On the ground, much has happened in Tawang after restoration of tranquility and wary resumption of relations: both India and China have put much effort into developing their frontier regions through better infrastructure and closer integration. In India, the State of Arunachal Pradesh (AP) has been established and taken its place among the States of the Indian Union, a development that China has not accepted de jure but has not contested on the ground, and though there have been several Chinese pinpricks to underline is own claims in the area these have not led to any serious confrontation between rival forces. In India, Arunachal Pradesh enjoys the same status as other Indian States. To emphasize its fully established jurisdiction, India recently cleared the way for a visit to AP by the US Ambassador, though this was not well received in Beijing: it was one among quite a few recent developments that have had India and China at odds with each other as they have taken steps to make a more forceful assertion of their respective positions in and around AP.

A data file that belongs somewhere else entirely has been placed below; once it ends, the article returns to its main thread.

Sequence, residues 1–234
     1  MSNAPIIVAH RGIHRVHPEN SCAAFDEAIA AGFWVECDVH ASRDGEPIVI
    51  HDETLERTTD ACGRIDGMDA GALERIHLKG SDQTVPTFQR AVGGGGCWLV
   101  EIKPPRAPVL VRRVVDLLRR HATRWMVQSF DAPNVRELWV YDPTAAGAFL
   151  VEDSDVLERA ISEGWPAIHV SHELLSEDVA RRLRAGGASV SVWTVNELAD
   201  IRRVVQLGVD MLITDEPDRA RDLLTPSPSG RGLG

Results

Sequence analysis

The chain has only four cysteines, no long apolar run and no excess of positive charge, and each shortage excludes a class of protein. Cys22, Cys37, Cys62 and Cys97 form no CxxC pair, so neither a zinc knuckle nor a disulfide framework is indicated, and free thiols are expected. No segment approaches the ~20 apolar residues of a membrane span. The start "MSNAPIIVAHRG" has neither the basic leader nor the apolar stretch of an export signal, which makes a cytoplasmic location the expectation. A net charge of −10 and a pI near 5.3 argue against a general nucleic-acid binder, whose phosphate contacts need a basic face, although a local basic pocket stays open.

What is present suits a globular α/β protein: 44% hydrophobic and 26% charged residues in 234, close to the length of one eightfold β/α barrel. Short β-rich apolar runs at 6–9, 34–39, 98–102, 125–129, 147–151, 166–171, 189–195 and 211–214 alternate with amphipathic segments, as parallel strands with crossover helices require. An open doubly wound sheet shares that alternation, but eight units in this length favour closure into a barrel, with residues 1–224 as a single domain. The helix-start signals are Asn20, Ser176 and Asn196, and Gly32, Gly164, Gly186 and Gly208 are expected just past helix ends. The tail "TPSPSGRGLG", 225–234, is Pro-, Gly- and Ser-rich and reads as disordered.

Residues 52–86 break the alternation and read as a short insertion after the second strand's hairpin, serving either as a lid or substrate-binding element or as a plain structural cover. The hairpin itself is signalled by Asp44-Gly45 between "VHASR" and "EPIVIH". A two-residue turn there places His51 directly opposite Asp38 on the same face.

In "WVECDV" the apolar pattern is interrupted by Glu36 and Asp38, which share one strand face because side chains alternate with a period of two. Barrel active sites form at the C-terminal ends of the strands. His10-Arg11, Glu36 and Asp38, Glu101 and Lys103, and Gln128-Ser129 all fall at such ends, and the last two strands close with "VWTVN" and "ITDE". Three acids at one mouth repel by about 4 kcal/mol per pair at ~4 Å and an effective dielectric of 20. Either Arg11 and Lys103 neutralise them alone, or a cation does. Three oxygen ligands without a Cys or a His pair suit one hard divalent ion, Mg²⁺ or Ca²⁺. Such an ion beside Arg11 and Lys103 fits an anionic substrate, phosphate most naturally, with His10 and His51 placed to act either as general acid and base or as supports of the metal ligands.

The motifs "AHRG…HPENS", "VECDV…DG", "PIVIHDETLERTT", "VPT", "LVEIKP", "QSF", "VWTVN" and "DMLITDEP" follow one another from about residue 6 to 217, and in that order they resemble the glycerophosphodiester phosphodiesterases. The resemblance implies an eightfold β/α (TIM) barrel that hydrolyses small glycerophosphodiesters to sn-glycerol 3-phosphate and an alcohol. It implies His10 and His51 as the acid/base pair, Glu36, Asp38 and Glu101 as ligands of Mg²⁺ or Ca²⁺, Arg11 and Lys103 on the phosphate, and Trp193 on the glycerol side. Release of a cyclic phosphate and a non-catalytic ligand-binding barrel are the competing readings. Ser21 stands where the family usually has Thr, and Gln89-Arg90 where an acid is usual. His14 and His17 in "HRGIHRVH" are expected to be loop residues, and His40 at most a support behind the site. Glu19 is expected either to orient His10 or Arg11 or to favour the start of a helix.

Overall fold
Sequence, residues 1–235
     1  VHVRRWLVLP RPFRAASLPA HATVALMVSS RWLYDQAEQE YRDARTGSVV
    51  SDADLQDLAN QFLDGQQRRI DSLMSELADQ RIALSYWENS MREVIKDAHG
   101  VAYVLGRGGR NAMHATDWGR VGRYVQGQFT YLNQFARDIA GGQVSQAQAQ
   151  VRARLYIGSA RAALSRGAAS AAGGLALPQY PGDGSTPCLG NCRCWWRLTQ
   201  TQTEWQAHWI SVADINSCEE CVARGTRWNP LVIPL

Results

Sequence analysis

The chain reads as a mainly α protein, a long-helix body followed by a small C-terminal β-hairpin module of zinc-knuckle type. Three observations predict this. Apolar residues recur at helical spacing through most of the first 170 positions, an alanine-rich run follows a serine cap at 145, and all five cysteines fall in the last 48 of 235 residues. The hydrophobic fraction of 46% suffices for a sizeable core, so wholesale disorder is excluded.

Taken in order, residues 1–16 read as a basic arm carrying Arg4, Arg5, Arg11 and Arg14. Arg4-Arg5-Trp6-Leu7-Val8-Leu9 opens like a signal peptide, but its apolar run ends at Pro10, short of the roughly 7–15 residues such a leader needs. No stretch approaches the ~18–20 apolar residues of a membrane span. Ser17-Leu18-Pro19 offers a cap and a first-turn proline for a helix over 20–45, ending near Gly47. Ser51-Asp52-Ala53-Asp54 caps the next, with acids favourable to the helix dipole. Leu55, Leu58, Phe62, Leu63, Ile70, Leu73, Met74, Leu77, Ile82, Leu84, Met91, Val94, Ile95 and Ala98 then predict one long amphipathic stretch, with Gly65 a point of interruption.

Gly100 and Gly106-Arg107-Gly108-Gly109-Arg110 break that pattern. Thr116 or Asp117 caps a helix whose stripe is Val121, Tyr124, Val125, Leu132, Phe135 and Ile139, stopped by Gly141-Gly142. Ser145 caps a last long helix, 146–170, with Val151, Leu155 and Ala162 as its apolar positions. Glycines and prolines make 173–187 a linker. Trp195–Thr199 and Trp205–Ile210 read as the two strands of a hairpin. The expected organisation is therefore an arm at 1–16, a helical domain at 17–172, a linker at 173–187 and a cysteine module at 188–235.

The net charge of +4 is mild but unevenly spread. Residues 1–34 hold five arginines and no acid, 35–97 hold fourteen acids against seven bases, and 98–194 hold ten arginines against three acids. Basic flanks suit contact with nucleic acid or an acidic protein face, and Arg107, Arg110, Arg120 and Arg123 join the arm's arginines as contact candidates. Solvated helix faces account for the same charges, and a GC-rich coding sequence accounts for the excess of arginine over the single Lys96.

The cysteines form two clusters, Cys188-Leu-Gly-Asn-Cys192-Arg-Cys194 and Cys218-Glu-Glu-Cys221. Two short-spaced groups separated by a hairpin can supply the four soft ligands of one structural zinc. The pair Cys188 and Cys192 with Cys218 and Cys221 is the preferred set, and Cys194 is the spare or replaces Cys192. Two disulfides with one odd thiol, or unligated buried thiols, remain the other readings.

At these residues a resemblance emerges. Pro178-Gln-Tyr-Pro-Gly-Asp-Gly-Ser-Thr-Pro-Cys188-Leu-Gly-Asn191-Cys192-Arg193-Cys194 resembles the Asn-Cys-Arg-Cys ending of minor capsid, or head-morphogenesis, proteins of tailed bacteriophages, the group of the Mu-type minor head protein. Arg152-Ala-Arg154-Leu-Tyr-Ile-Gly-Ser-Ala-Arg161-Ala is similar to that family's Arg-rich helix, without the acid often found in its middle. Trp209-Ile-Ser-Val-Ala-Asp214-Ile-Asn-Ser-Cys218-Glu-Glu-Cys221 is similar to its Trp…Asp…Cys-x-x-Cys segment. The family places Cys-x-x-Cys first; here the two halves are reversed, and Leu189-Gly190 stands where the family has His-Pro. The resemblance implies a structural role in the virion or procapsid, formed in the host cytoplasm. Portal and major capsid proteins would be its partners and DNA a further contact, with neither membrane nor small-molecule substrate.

The Dalai Lama’s visit thus comes at a time when there is some churning on the border and some revival of the border differences between the two countries. In light of Tawang’s historical importance in India-China matters, there is a particular significance in its inclusion in his itinerary. To be taken into account, too, is that Tawang has been inching its way up the ladder of disputed bilateral issues, as a result of steadily strengthening claims from China, which were initially expressed in informal channels and followed up later in more official fashion. As a result of all this background experience, the visit can be expected to arouse a certain amount of controversy. Within Tibet sentiment in favour of the Dalai Lama has never faltered and remains strong today, decades after his flight. He is very well received wherever he travels, which cannot but be a source of concern to China, especially because there are intermittent outbreaks of disorder in Tibet where allegiance to the exiled spiritual leader and what he represents is firmly rooted.